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Proceedings Paper

Novel Archaea and Bacteria in a hydrologically isolated deep subsurface environment
Author(s): Darrell P. Chandler; Fred J. Brockman; James K. Fredrickson
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Paper Abstract

Total community DNA and RNA were extracted from a deep (188 m), saturated, mesophilic (17 degree(s)C), low biomass (104 cells g-1) subsurface paleosol. 16S rDNA was amplified by PCR using universal eubacterial or archaeal primers and cloned. Cloned 16S rDNA fragments were sequenced and subjected to phylogenetic analysis. A novel clade of Crenarchaea were discovered which are most closely related to a single clone recovered from an Fe-S hot spring (80 degree(s)C). Novel Bacterial sequences were also found which branch deeply in the universal phylogenetic tree in association with Chloroflexus, Deinococcus, and Thermus. Total RNA analysis suggested that the novel Crenarchaea were active in this environment. Geological and hydrologic properties of the sediment indicate that microbial and nutrient transport between individual strata are restricted, and are consistent with chemolithoautotrophic metabolisms of cultured Crenarchaea involving the H2/SO4 electron donor/acceptor couple. The physical properties of the surrounding lithologies suggest that these novel microorganisms are descendants of the microbial communities originally deposited with the sediment ca. 6 - 8 Mya. Identification of these novel, active microorganisms in an oligotrophic, hydrologically isolated subsurface system provides an opportunity and species-specific nucleic acid sequences and probes necessary to study long-term microbial survival in terrestrial subsurface environments.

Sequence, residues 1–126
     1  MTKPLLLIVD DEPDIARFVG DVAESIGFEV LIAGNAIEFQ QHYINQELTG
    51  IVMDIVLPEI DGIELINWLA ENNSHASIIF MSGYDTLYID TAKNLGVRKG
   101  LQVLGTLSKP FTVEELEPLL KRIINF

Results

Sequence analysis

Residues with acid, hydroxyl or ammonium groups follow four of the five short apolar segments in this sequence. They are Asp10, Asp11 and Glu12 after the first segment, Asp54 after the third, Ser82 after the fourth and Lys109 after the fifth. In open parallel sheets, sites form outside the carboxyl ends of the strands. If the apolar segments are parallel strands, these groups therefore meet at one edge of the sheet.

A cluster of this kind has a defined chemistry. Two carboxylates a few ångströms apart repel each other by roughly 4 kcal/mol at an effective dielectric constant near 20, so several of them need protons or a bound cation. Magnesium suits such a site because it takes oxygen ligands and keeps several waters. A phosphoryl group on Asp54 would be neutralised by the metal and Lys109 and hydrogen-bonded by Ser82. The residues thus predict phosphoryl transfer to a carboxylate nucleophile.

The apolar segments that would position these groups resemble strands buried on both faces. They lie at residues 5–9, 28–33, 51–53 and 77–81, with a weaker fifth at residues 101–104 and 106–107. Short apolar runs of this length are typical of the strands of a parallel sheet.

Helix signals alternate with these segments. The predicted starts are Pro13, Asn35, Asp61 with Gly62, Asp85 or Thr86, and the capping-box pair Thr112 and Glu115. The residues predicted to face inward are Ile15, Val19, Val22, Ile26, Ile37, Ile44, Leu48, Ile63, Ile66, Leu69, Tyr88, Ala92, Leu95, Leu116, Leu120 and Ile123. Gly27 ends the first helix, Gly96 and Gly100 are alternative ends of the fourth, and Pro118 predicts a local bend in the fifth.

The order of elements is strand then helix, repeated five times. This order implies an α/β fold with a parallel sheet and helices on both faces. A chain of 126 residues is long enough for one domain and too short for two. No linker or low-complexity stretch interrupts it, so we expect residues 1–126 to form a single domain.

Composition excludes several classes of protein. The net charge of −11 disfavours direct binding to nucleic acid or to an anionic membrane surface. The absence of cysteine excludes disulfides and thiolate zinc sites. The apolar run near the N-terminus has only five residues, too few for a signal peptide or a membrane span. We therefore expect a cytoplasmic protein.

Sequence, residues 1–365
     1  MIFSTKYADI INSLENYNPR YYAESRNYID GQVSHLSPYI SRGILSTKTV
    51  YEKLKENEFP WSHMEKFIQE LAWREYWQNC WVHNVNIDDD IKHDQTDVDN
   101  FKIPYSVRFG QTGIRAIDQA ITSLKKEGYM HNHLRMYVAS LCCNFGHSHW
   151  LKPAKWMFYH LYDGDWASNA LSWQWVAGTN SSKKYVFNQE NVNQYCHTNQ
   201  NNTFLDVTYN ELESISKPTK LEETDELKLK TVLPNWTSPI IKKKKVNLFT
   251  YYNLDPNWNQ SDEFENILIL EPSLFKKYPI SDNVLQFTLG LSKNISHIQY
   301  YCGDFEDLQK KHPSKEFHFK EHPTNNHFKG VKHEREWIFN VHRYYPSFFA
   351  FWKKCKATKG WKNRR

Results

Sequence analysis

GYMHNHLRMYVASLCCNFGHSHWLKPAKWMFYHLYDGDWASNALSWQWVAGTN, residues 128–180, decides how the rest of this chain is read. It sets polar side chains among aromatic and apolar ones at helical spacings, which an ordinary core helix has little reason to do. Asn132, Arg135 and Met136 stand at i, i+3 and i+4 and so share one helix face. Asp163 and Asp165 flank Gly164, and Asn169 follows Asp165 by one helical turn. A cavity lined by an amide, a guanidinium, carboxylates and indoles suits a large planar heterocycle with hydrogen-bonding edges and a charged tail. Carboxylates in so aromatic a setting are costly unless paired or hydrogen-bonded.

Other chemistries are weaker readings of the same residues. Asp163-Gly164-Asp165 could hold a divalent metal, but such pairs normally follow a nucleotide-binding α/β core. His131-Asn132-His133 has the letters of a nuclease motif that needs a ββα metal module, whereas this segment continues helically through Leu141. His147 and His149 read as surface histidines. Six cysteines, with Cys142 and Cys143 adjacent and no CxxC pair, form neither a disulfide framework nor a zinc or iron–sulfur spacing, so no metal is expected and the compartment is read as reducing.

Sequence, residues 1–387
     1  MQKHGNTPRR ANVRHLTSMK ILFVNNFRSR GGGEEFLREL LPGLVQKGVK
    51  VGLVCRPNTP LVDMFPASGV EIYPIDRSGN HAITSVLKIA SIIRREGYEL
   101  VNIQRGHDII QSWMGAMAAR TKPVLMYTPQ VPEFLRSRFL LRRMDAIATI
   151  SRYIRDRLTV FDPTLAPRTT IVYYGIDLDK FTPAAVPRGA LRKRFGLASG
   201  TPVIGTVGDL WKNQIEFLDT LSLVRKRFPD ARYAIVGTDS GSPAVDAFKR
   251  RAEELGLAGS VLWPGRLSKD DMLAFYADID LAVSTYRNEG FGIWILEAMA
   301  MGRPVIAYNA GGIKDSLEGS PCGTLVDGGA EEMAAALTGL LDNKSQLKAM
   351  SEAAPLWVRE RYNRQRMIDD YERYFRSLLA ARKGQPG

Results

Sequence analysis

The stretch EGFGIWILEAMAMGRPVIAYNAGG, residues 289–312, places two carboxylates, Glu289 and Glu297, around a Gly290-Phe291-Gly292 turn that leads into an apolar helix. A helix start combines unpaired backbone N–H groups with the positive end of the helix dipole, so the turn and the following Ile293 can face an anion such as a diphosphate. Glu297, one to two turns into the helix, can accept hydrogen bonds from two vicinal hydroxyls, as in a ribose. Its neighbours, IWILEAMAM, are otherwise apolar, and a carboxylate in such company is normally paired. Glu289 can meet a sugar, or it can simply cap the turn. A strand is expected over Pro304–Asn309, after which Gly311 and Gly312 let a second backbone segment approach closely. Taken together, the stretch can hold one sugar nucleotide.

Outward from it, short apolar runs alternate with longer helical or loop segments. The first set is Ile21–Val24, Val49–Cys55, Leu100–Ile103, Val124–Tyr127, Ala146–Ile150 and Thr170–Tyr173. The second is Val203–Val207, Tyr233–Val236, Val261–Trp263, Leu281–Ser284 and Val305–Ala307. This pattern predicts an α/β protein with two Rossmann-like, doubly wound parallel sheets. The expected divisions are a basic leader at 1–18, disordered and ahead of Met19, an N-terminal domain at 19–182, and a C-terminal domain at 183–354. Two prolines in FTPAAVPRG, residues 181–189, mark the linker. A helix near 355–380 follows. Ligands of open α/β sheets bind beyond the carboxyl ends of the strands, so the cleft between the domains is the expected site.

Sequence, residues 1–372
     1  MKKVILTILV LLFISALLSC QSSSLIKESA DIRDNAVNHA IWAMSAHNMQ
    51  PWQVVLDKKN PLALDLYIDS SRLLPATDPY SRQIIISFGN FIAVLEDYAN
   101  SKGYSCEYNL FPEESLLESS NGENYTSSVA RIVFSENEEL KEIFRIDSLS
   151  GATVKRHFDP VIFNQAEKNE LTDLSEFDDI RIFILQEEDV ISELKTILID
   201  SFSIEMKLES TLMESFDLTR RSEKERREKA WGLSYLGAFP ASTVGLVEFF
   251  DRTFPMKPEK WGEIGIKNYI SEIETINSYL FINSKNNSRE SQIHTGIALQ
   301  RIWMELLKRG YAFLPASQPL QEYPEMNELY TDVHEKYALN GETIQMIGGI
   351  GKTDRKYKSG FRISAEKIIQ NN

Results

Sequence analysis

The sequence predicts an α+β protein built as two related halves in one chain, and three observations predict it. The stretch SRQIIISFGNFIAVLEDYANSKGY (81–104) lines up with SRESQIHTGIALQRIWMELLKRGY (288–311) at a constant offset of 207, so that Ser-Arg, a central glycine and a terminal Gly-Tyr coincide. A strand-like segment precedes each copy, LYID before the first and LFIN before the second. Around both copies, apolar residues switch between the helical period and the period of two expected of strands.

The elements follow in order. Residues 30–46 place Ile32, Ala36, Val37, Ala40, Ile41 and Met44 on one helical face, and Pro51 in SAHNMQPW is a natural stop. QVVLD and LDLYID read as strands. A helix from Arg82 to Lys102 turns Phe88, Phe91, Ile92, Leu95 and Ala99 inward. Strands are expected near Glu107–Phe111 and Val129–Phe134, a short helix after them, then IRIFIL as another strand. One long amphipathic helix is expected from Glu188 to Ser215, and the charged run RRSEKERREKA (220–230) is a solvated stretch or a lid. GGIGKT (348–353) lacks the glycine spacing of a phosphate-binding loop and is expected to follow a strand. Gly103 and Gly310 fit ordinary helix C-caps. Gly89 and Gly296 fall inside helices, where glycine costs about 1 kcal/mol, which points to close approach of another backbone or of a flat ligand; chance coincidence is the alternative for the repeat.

Paper Details

Date Published: 11 July 1997
PDF: 10 pages
Proc. SPIE 3111, Instruments, Methods, and Missions for the Investigation of Extraterrestrial Microorganisms, (11 July 1997); doi: 10.1117/12.278808
Show Author Affiliations
Darrell P. Chandler, Pacific Northwest National Lab. (United States)
Fred J. Brockman, Pacific Northwest National Lab. (United States)
James K. Fredrickson, Pacific Northwest National Lab. (United States)


Published in SPIE Proceedings Vol. 3111:
Instruments, Methods, and Missions for the Investigation of Extraterrestrial Microorganisms
Richard B. Hoover, Editor(s)

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